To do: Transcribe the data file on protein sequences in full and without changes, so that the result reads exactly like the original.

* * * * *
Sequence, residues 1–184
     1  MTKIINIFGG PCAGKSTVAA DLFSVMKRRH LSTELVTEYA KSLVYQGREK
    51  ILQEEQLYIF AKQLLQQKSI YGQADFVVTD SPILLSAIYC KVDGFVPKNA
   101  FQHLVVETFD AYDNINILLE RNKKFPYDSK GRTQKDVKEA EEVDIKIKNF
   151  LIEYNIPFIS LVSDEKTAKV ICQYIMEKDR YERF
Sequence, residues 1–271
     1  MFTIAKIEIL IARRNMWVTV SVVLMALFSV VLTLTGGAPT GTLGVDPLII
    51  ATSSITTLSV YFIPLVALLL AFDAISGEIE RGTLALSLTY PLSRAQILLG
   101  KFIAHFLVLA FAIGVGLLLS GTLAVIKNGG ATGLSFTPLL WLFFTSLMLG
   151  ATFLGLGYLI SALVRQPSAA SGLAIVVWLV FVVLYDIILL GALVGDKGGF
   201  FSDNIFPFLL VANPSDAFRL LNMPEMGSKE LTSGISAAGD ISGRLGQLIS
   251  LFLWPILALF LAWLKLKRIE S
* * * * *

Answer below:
Sequence, residues 1–184
     1  MTKIINIFGG PCAGKSTVAA DLFSVMKRRH LSTELVTEYA KSLVYQGREK
    51  ILQEEQLYIF AKQLLQQKSI YGQADFVVTD SPILLSAIYC KVDGFVPKNA
   101  FQHLVVETFD AYDNINILLE RNKKFPYDSK GRTQKDVKEA EEVDIKIKNF
   151  LIEYNIPFIS LVSDEKTAKV ICQYIMEKDR YERF
Sequence, residues 1–271
     1  MFTIAKIEIL IARRNMWVTV SVVLMALFSV VLTLTGGAPT GTLGVDPLII
    51  ATSSITTLSV YFIPLVALLL AFDAISGEIE RGTLALSLTY PLSRAQILLG
   101  KFIAHFLVLA FAIGVGLLLS GTLAVIKNGG ATGLSFTPLL WLFFTSLMLG
   151  ATFLGLGYLI SALVRQPSAA SGLAIVVWLV FVVLYDIILL GALVGDKGGF
   201  FSDNIFPFLL VANPSDAFRL LNMPEMGSKE LTSGISAAGD ISGRLGQLIS
   251  LFLWPILALF LAWLKLKRIE S